Be your own champion: Choosing Your Next Start-Up Leadership Role

opportunity

By Phillip Bogdanovich

Being part of an early-stage start-up is exhilarating, but it can also be scary. There is no certainty of longevity. The company is always one bad decision away from burning down. For me, this sense of unknowing translates into adventure and excitement. I appreciate the nimbleness of start-ups and being able to see, in a very short time, the impact of changes I’ve made. The volatility that makes start-ups terrifying for most is what makes them a great fit for me.

The start-up landscape is precarious for many reasons, not the least of which is that it’s often driven by passionate people with little real-world experience. These people are bolstered by the widely held belief that start-ups should be run by young, innovative leaders unbiased by years of exposure to big business. While innovation plays an obvious and critical role in lighting the start-up flame, structure and experience are equally vital for keeping it from turning into a brushfire.

If you’re considering involving yourself in a start-up but you are uncertainty- or risk-averse, it probably isn’t the best fit for you. But if you don’t mind the possibility of burning to death, here are a few tips on choosing a company that poses the least fire hazard.

Get to Know Your Peers

It seems obvious, but before you decide to join the leadership team of a company, you need to spend time getting to know the founders, CEO, and other executives. Arrange meetings with as many of them as possible during your interview process. Make sure you share their vision.

If a company is promising and my peers are inexperienced but driven and reasonable, I’ve found that I can position the company—and myself—for success. On the other hand, even the most promising company will be handicapped by fatal flaws of inexperience like self-centeredness and stubbornness. Put in the time to identify whether these are present.

Watch for These Red Flags

The presence of any one of these factors would make me say “Thanks but no thanks” to an opportunity, no matter how promising it looked on the surface. These are my top five red flags for early-stage start-ups.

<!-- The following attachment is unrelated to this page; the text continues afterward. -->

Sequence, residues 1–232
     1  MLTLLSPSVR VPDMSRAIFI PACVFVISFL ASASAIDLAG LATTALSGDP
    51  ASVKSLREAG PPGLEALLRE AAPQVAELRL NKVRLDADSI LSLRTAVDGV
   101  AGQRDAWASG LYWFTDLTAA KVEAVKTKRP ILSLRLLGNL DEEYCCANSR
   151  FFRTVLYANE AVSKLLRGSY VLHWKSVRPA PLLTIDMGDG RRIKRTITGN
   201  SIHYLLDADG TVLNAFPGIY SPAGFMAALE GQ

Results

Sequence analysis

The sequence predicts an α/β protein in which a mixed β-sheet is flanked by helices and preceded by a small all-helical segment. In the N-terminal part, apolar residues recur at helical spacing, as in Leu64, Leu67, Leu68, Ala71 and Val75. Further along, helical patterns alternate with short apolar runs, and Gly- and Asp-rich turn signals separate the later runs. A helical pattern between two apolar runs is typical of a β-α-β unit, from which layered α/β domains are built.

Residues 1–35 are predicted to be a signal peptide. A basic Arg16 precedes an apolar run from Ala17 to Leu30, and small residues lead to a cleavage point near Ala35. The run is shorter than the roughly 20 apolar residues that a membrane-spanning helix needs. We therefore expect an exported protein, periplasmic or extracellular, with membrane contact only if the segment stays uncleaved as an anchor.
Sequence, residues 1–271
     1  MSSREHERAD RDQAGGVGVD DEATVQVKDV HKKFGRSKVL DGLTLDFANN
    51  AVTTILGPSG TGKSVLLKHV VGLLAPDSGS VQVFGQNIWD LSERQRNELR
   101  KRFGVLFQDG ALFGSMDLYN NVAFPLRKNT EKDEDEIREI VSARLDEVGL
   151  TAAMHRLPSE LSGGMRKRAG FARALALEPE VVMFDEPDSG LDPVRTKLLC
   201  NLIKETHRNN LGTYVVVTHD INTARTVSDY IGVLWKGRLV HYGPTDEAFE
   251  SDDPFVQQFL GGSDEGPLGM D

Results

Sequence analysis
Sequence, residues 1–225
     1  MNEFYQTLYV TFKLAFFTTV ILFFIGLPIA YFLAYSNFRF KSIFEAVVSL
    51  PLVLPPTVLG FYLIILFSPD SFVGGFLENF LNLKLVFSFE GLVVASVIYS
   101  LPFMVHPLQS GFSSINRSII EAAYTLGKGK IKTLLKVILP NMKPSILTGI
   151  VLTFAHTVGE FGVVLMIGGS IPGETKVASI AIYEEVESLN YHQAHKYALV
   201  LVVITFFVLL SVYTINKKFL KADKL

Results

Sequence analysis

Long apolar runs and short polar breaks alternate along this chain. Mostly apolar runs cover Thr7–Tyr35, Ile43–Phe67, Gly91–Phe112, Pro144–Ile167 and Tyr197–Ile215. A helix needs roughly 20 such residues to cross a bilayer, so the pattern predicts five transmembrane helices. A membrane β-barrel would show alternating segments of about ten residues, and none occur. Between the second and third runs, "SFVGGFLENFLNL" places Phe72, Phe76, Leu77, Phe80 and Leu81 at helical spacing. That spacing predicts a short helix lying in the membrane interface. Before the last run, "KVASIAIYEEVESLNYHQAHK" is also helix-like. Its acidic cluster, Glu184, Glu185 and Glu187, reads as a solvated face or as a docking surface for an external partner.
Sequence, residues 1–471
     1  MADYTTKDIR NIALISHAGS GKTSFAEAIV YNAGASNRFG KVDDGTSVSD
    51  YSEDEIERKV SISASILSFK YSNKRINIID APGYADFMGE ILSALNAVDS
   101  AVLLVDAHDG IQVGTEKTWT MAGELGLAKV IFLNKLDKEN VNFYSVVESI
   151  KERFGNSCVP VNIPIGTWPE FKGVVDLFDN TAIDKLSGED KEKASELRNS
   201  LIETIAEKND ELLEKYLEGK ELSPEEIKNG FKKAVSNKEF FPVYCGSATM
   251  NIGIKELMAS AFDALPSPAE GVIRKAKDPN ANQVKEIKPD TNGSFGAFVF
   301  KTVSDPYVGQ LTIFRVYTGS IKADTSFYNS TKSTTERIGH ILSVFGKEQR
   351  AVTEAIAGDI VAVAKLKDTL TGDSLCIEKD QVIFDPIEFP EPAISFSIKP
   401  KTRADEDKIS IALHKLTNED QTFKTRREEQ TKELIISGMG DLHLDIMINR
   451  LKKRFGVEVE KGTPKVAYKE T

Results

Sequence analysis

• The CEO or other executive(s) have another job. No one involved in running a start-up, especially the person responsible for driving the vision, should have a second job. Getting a company off the ground is an all-or-nothing commitment. No one gets to keep an escape route.
  • Executive(s) are using the company as a piggy bank. It doesn’t matter who you are or whether you are a founder. It is irresponsible (arguably illegal) to use company funds for personal purposes. If you get wind of this kind of activity, it’s likely a warning sign that there are many larger, yet-to-be-discovered problems in the company.
  • The company lacks financial controls. No one in a company should be able to spend money unchecked, even founders and investors. Lack of financial controls often but not always coincides with piggy-banking (see above). It can also mean spending carelessly on things the company “needs.” If something can go wrong, it will, and lack of financial controls creates an environment where money can be spent irresponsibly.
  • Leaders are risk-averse. There is a difference between pragmatism and analysis paralysis. If your fellow leaders aren’t willing to take calculated risks, you will always be fighting an uphill battle for change. You will end up handcuffed, forced to leave or become a yes man (or woman).
  • Narcissism. Some degree of narcissism is to be expected among your fellow leaders, especially the CEO. In fact, recent studies show that it’s even healthy for the early growth of a company. But the kind of narcissism that doesn’t leave room for anyone else or their skills will kill a company. Leaders must be allowed the latitude to make decisions and succeed or fail, to do their jobs. If, during the interview process, you get the sense that your executive peers aren’t interested in your perspective, run for the hills.

Find a Fit, Then Act

Is the company a good fit for you? Are you a good fit for the company? It’s possible for a group of entrepreneurs and managers who are independently good at what they do to get together and form a terrible company. Similarly, if I’m not the right fit for a company, it doesn’t mean I’m bad at what I do. Bad fit is bad fit. It means you have listened during the interview process, articulated your needs and goals, and on some level you are not aligned. If you can’t (or won’t) identify a bad fit with a prospective employer, you may have some self-reflection to do.

During and after an interview process, I reflect and discuss my experience with people I trust like advisors and my wife. I get feedback and I listen. If the opportunity has no red flags, feels like a good fit for me, and the people I trust don’t recognize any potential problems, I’ll take an offer or make a counter.

It’s important not to waste anyone’s time. Don’t interview for a job you aren’t willing to take under the right conditions. Decisiveness is an important quality in a leader—you don’t want to become known for kicking tires and wasting the time of companies and interviewers. This problem can compound if you’re interviewing where you live or working with a recruiter. It’s possible to interview yourself right onto the “do not review” list.

If you’re ready to embark on your next leadership adventure, do your research, avoid the red flags, pay attention to how the company feels, and get feedback from people you trust. I have suffered through bad fits and even become part of a negative work environment because I ignored one or more of the warning signs above. It’s important to trust yourself and your instincts. Remember: It’s ok to say no for the right reasons, but it’s critical to say yes for the right ones.

 


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